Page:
It’s time to talk acoustics. Acoustic guitars are among the best instruments, not just for new guitarists, but new musicians in general to take up. You don’t need anything more than the guitar, the fretboard is easy to figure out even on a very basic level, and you’re one power chord shape away from recreating most rock hits out there. Plus, unlike wind instruments, while developing the muscle memory and finger strength the rest of the family doesn’t have to hear sounds reminiscent of a dying elephant resonating throughout the house.
So, if whether your a newcomer to the instrument, or if you just want to add an affordable new instrument to your collection here are five acoustics that make for a good place to start without shattering your bank account.
Yamaha ¾ Scale
The Yamaha ¾ scale guitar is handy in two ways. With a nut width of just shy of two inches a guitar like this is appropriate for people with smaller hands (like hands on kids who could use a more constructive pass time than all of these video games that seem to be dominating the world). The smaller size also makes a guitar like this handy if you like to travel a lot. For $160 you’ve got a guitar that gives you everything you need to jam without as much space requirements. You might even have an easier time playing in a chair with arms on it with one of these.
Probably the biggest compromise you make with a guitar like this is the sacrifice in getting a bigger sound. With no electronics either a guitar like this probably isn’t good for more than the average bedroom guitarist.
The Epiphone AJ-100CE is an excellent guitar, and not just for beginners. At $150 you get a full mahogany and spruce sound with electronics to plug into an amp. The Nanoflex pickup might not be a Fishman, but it’ll get you by. Plus with the cutaway up by the high frets you get that elusive access that isn’t quite as available on other acoustic guitars.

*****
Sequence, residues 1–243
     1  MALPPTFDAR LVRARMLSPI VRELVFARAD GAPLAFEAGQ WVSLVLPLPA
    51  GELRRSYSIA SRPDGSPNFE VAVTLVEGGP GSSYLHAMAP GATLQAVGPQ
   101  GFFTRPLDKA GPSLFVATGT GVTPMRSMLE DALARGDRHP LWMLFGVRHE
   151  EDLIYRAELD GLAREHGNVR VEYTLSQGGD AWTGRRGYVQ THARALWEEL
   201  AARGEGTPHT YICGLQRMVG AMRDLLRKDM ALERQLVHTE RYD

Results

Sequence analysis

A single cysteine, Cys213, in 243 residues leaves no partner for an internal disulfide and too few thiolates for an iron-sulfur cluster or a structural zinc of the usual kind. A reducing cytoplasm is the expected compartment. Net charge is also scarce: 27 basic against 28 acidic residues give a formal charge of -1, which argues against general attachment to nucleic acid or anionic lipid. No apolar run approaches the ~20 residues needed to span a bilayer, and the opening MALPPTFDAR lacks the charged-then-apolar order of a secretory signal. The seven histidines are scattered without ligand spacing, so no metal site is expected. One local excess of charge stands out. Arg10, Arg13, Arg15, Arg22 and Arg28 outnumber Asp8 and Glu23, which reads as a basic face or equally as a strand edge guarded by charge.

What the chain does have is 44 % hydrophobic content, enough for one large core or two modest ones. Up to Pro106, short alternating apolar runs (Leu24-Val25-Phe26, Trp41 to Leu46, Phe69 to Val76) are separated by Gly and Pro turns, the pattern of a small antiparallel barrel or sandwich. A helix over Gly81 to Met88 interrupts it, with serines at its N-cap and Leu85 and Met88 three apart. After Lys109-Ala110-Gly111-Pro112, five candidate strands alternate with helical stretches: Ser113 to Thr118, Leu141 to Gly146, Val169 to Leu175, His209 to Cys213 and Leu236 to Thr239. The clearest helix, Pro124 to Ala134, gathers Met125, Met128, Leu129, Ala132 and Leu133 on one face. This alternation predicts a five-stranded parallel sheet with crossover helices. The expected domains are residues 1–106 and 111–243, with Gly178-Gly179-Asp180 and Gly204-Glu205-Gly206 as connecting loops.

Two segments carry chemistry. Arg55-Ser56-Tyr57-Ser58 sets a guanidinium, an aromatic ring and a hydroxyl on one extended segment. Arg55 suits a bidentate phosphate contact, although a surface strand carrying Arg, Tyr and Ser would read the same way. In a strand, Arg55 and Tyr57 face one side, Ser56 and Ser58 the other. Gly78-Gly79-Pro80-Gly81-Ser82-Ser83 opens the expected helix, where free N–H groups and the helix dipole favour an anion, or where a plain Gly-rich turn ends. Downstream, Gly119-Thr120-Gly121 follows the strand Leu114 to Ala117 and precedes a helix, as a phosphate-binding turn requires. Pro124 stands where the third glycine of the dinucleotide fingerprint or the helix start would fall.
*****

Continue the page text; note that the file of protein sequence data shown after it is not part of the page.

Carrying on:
For the price of this guitar you could get yourself a decent amp to plug into with what money you preserve. After that you can entertain modest crowds or aggravate obnoxious neighbors at all hours of the night. Whichever is a bigger priority to you.
The V70CE from Ibanez can probably be viewed as an alternative to the AJ-100CE. It shares a few similar characteristics like spruce and mahogany body, the cutaway for higher fret access and a built-in pickup. With a price of $199 this guitar barely meets the criteria to qualify for this list. Apart from the finish there isn’t any outstanding difference between this and the Epi, so you’d most likely want to get your hands on them and find out first hand which one fits your hands better.
The folk-styled CF-140S is a straight forward dreadnought acoustic. Unlike the previous inclusions on the list this guitar is a normal device of sticks and strings. Full sized sans electronics. A guitar like the CF-140S is probably better for those looking for something somewhere between the Yamaha and the Epi and Ibanez. Big enough to get that full acoustic sound, but probably not the sort of thing you’d play for crowds much bigger that the sort that gathers around a camp fire. But with a good enough mic and amp I can probably be proven wrong with that assertion.
In any case it’s a sturdy guitar that can easily get the job done, and well. And at $199 it’s a fair exchange.
Washburn’s inclusion on this list comes in the form of the WD100DL, which can be yours for the asking price $149. For such a modest price this one gets a bit more of a red carpet treatment than the others. I mean, it’s not made out of zebrawood or purpleheart or anything, no. This one’s pure mahogany through and through, save for some rosewood here and there. But it does throw some gold tuners in to spruce up the appearance, along with some snappy finishes.
But the appearances don’t speak much on behalf of the sound and feeling. The WD100DL can get its point across as well as the other additions on this list. Honestly, I’ve always thought Washburn could get away with charging a bit more for some of their guitars. They make good in the bang for buck ratio.